How Grandparents Can Save New Parents Thousands Per Year

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The average cost of raising a baby during the first year is $10,000 to $15,000, which totals more than $245,000 to age 18. Once the initial sticker shock wears off, many parents single-mindedly focus on paring costs -- by shopping at secondhand stores, accepting hand-me-downs, choosing store-brand diapers, and most of all, by enlisting help. While friends may be willing, oftentimes it is the grandparents who can be counted on for emotional support, practical support, and, when possible, financial support. Here are several specific and fairly simple ways that grandparents can help save new parents at least $3,700 during the baby's first year.

Childcare (estimated savings: $3,000 or more)

The most money-saving assistance grandparents can offer is to provide childcare while parents are at work. According to the National Association of Child Care Resource and Referral Agencies, the average cost of a full-time slot in a childcare center ranges from $3,582 to $18,773 a year ($300 to $1,564 monthly). In a big city, the monthly figure for an infant could be as high as $2,000. The average cost of home daycare is less, at about $7,761 a year ($646 a month) for babies and toddlers. Hiring an in-home nanny, the priciest option, could cost new parents anywhere from $500 to $700 a week, or $2,000 to $3,000 every month.

Even if grandparents assume childcare duties just once or twice a week, a young family's outlay falls significantly. By way of example, my mother-in-law cares for our preschool-age daughter one day a week. My husband and I calculated that reducing the number of days our daughter attends daycare saves us nearly $3,000 a year.

Parents may feel the need to compensate grandparents on a smaller, more affordable scale because they are saving the family so much money. Kyla Dembowski and her husband, Gregg, of Columbus, Ohio, wanted to reward her newly retired mother for taking care of their daughter several days a week. They mutually agreed on a payment valued at about one-third the daily cost of sending the child to daycare.

Babysitting (estimated savings: $600 or more)

Not all grandparents are retired or good candidates for regular caretaking on weekdays, but there are other opportunities to step in. As new parents quickly learn, the occasional date night can get pricey. Babysitters make an average of $10 an hour, which means about $50 added to the tab for dinner and a movie. For a couple that goes out once a month, babysitting costs would total at least $600 a year. Calling on the grandparents can save this large sum of money -- not to mention parents' sanity. Viewed in a certain way, this is a priceless gift that's shared among grandparents, parents, and children.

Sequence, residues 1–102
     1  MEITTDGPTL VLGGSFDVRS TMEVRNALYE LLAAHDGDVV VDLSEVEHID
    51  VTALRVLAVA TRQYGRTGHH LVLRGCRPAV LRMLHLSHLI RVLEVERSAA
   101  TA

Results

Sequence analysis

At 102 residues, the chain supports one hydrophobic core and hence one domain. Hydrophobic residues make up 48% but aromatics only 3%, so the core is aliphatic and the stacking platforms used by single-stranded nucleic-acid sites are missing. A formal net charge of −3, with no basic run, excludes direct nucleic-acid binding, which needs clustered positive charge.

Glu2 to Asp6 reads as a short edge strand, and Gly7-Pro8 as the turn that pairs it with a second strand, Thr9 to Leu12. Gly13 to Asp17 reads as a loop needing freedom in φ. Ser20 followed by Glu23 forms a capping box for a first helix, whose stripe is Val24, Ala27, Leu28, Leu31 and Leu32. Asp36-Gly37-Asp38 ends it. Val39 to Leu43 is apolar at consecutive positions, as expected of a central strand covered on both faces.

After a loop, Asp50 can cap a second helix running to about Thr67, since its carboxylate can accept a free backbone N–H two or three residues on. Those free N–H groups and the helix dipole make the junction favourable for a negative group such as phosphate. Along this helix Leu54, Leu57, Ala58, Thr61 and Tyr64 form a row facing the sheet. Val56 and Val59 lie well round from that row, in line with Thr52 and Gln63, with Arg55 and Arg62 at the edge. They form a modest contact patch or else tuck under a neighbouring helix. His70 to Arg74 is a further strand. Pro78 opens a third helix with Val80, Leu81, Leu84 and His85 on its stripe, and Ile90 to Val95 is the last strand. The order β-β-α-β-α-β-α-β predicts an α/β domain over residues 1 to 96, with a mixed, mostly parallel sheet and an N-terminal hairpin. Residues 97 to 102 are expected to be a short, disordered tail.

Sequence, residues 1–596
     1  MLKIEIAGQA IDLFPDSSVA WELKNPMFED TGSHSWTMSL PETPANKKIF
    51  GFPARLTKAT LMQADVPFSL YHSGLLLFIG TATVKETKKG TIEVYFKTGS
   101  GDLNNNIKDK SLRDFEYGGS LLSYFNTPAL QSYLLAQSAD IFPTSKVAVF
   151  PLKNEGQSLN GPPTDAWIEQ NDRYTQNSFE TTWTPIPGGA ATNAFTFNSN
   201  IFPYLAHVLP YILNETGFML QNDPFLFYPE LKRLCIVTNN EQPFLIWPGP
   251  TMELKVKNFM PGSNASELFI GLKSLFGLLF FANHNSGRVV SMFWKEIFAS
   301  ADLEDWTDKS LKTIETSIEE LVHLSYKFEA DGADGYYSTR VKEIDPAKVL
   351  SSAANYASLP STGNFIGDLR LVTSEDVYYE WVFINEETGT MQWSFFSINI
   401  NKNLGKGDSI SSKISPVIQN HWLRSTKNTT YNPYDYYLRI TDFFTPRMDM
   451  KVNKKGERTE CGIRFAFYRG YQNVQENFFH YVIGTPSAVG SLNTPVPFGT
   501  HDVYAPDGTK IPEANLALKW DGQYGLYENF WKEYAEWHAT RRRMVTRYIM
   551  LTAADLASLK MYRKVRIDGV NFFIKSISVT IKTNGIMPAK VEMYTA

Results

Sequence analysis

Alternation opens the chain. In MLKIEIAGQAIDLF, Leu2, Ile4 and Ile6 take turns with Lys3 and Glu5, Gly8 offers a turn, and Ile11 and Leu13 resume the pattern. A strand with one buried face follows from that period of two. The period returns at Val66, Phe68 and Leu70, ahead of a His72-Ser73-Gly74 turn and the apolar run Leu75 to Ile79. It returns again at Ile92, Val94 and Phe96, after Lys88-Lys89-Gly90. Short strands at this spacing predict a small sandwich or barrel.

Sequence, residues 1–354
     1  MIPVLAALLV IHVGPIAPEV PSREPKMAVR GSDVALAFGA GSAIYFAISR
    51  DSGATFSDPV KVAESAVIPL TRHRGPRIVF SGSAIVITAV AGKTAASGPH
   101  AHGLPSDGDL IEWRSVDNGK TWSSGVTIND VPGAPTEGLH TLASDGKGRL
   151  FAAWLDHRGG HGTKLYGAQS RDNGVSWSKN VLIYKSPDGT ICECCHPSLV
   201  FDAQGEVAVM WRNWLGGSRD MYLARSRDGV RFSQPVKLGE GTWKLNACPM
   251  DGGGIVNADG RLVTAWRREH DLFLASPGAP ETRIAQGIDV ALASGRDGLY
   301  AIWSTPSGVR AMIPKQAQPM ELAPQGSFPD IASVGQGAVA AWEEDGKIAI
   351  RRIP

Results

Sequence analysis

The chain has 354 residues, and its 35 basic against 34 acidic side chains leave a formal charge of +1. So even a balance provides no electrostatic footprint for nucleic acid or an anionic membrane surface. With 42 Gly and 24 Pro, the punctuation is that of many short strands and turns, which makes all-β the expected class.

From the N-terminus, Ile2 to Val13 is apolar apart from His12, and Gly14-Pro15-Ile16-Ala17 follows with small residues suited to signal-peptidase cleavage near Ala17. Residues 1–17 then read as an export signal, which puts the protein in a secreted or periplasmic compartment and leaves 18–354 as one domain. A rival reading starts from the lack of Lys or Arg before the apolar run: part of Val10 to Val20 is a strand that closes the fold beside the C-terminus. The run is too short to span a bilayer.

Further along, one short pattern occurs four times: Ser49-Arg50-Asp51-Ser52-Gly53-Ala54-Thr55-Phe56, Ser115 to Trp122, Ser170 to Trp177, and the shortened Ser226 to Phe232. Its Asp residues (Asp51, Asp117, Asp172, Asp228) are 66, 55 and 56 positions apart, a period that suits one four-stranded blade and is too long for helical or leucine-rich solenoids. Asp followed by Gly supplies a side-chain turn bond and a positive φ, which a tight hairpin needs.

Gifts (estimated savings: $100 or more)

While it's tempting, especially for first-time grandparents, to buy the adorable clothes, snuggly teddy bears, and itty-bitty baby shoes, those things won't get parents very far in the middle of the night or when the diaper stash runs low. Grandparents can lessen the costs for new parents by purchasing what the baby needs rather than what's cute.

The items that top the list for both necessity and cost are a crib, stroller travel system, and diapers. These items might seem humdrum, but they are essential for raising a baby and run up quite a tab for new parents. At minimum, a crib and stroller cost between $100 and $200 each. The average child will use more than 2,700 disposable diapers in the first year, which adds up to more than $550 (based on an average price of 20 cents a diaper). The bottom line for just these three items could tally nearly $1,000 in the first year. If grandparents could pitch in for even one, the cost of a new baby would seem less overwhelming.

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